In September 2012 Visual Artists Ireland invited a group of participants to form a Working Group to examine internships in the visual arts sector. In doing so Visual Artists Ireland was responding to a number of complaints from its members about the treatment they had received while on internship programmes. These complaints came both from those on the JobBridge Internship Programme and those who had participated in non-government-sanctioned internship programmes.
Interns have become an established part of the infrastructure in the visual arts sector. As well as assisting growth, they enable organisations affected by reduced public and consumer spending to sustain services. Therefore, Visual Artists Ireland saw it as necessary to examine the treatment and working conditions of interns. The Working Group looked at ways in which the welfare and interest of interns could be improved and to provide clarification of the responsibilities of host organisations.
Some of the wider structural implications for the visual arts sector were also considered. A strategic aim should be to ensure that employment in the arts is seen as a sustainable career choice. Internships should also provide opportunities for people from as diverse a range of backgrounds as possible. Although interns are not regarded as employees of a company / organisation, there are laws relating to the workplace which give them protection and place obligations on host organisations. These include: the Tax Acts; the Safety, Health & Welfare at Work Act, 2005; The Holidays (Employees) Acts, 1973 and 1991; and also the Employment Equality Acts, 1998 – 2008, which place an obligation on all employers in Ireland to prevent discrimination in the workplace.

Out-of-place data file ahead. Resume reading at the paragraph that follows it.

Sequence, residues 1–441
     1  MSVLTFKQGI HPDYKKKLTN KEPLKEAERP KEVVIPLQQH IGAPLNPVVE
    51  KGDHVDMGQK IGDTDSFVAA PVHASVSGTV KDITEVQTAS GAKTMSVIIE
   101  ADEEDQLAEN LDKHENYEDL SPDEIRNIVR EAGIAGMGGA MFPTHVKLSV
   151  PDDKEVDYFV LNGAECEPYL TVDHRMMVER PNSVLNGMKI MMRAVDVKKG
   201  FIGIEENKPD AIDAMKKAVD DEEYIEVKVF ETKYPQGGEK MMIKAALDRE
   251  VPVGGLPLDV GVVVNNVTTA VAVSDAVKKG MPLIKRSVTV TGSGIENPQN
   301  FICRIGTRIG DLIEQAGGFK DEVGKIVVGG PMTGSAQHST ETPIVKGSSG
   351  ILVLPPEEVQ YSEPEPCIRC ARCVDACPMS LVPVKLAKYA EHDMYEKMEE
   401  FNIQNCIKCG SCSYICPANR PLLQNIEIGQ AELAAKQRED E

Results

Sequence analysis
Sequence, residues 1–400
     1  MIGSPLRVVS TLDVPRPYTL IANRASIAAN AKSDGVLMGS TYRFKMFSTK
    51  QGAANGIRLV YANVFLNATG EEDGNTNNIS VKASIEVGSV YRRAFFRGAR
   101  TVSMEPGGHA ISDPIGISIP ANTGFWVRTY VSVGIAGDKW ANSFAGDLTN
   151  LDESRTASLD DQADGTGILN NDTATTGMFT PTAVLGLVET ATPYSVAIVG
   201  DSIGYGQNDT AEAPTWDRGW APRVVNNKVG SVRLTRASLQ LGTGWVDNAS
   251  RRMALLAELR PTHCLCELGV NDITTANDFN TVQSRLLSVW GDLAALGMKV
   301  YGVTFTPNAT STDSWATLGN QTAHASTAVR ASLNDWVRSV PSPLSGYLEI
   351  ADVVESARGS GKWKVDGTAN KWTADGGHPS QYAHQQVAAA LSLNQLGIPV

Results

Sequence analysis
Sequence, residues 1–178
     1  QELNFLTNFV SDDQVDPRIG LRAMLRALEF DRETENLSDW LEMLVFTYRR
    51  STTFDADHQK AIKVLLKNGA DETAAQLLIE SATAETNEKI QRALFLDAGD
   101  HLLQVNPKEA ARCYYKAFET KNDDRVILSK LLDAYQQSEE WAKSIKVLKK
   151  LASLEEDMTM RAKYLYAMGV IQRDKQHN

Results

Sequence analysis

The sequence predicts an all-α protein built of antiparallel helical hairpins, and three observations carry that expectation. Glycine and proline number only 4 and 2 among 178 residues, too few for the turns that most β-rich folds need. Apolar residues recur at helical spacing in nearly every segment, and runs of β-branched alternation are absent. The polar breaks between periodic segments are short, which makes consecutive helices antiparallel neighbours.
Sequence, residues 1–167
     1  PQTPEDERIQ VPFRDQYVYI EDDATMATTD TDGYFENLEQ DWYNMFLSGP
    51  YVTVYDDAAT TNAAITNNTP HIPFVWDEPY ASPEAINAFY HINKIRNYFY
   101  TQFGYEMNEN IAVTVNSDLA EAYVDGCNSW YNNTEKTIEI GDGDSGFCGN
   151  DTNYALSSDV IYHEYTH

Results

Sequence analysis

The attraction of a good internship is that it should provide a valuable learning experience. It should allow an individual to develop new skills, or enhance existing skills that are applicable to their chosen area. It should allow for the development of interpersonal work relationships and help the candidate to learn good work habits such as time management and communication skills. It should also allow for networking opportunities that will lead to paid employment or help to further the intern’s career in a tangible way.
The Working Group considers the introduction of these Best Practice Guidelines for Internships a vital step in the development of an ethical infrastructure for the visual arts sector.
Internship Guidelines January 2014 0.0 – .pdf format